Helpful Hints

Ricard Bindery

“Life without pockets isn’t worth living” – Gary Junge (attribution given to him when he was out of the office and couldn’t complain)

Yoga Pants in the Print World?

Life without pockets? We’d all be wearing yoga pants. (Eww, what a thought.)

Welcome to this month’s issue of our continuing Helpful Hints series. If you have any comments about today’s topic or suggestions for future ones, please let us know by e-mailing Kevin Rickard.

Pockets are useful in clothing. Pockets are useful in printed pieces too. Here are three examples:

These are examples of the cost- and timesaving recommendations your customers are craving. Not yoga pants.

The Latest Rickard Bindery Video

Here’s a 94-second video of Rickard Bindery’s estimating team leader, Gary Junge, showing some examples of printed products with welded seam pockets, converted in our bindery.

The Big Five:

  1. Basics. Resin-based permanent glues are applied cold and provide a good bond with a relatively small amount of residue. Permanent glues forming pockets need to bite into paper, so the harder the surface, the more difficult it is to penetrate the sheet and create good adhesion.
  2. Benefits. The gluing and folding of pockets go hand-in-hand. Many direct mail projects require a combination of seam (permanent), remoistenable and ez-release glue, often all three. Common applications for welded seam pockets include envelopes, BREs (business reply envelopes), carriers for PIs or delivery mechanisms for the consumer product itself.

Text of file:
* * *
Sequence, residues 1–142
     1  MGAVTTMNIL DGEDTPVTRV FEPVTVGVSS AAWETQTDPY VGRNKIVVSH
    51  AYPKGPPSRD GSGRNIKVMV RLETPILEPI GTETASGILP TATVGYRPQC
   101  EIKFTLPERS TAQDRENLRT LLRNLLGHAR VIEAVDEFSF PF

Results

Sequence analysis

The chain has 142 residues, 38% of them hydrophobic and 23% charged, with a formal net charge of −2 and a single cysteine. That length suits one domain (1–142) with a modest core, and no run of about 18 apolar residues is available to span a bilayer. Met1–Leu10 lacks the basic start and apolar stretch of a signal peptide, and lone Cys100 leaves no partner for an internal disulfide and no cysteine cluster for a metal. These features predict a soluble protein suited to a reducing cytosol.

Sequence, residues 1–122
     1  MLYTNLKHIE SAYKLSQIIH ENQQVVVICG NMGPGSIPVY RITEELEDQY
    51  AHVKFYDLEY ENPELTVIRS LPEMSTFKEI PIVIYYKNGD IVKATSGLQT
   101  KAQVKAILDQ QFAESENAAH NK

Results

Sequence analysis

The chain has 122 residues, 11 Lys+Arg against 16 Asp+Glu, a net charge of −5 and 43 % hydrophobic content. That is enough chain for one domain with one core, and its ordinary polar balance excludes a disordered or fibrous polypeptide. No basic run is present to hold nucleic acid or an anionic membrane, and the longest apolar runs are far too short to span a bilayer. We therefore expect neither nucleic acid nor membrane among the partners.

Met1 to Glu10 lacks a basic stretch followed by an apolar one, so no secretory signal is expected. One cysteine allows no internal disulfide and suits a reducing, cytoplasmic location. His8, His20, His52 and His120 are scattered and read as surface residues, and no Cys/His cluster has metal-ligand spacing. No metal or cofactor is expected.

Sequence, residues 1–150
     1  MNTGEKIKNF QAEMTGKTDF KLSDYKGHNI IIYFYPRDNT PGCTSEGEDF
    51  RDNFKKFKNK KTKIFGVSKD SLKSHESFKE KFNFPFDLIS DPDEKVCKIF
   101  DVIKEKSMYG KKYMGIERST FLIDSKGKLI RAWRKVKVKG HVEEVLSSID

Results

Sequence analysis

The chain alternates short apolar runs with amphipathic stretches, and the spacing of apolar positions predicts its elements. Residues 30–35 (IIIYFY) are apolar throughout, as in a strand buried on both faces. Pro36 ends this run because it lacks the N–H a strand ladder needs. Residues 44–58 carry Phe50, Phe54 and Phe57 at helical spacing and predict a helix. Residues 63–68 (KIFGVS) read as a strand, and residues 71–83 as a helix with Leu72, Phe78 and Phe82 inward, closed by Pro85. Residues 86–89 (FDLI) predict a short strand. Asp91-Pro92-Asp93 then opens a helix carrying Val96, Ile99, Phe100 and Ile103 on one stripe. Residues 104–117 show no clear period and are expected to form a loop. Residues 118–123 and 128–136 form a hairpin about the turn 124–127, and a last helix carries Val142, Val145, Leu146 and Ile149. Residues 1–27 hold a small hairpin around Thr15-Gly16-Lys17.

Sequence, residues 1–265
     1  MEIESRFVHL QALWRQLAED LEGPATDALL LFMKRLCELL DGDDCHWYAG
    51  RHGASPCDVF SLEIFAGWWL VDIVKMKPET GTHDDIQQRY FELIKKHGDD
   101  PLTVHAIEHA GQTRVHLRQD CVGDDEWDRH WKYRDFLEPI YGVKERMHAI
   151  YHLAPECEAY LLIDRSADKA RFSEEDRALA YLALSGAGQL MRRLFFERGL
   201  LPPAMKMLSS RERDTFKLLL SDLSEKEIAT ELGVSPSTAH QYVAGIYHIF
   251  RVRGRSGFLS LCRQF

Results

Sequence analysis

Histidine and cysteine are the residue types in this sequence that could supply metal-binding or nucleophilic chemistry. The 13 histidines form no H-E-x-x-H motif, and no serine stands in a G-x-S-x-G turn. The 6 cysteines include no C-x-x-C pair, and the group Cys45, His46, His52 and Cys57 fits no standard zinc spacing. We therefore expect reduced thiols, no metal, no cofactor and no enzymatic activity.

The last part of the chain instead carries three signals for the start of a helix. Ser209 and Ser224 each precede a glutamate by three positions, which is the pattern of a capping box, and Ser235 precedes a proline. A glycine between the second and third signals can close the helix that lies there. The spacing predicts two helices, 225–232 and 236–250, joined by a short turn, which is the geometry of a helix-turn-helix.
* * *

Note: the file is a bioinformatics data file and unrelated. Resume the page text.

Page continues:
3. Variants. When combatting tricky adhesion issues caused by ink, varnish and other paper coatings present in adhesion areas, sometimes hot melt seam glue can be substituted for cold.
  4. Max & mins. A glue dot or line will spread, no matter how small or thin it is. Practically speaking, glue usually spreads more than 1/8″. Highly efficient layouts for maximum paper usage might cause “bricking” problems if trim-out glue margins are too narrow to account for glue spread.
  5. Shop talk. Knock out varnish, inks and other coatings on both sides of where glue adheres. Although some manufacturers have developed hot melts that can work with certain varnish-covered products, most glues, hot, cold or otherwise, have difficulty bonding to paper coatings. If planning to apply glue to a coated piece, check with Rickard Bindery to determine the appropriate glue for your product with a welded-seam pocket.

The Rickard Bindery Welded Seam Gluing Advantage

At Rickard Bindery, many of our welded seam gluing jobs are performed inline with other bindery processes. For example, we may apply remoistenable glue, perforate the sheet, apply seam glue to form a pocket, fold it (roll folds, accordions and gatefolds), apply wafer seals and keep the job in mail-sort order … all inline.